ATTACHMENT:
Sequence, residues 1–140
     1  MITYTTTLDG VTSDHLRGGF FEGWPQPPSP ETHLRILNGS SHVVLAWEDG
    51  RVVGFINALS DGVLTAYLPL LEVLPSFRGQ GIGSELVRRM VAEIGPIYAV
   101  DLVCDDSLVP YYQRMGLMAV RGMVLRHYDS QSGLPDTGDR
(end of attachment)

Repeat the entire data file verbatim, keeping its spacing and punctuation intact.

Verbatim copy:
Sequence, residues 1–140
     1  MITYTTTLDG VTSDHLRGGF FEGWPQPPSP ETHLRILNGS SHVVLAWEDG
    51  RVVGFINALS DGVLTAYLPL LEVLPSFRGQ GIGSELVRRM VAEIGPIYAV
   101  DLVCDDSLVP YYQRMGLMAV RGMVLRHYDS QSGLPDTGDR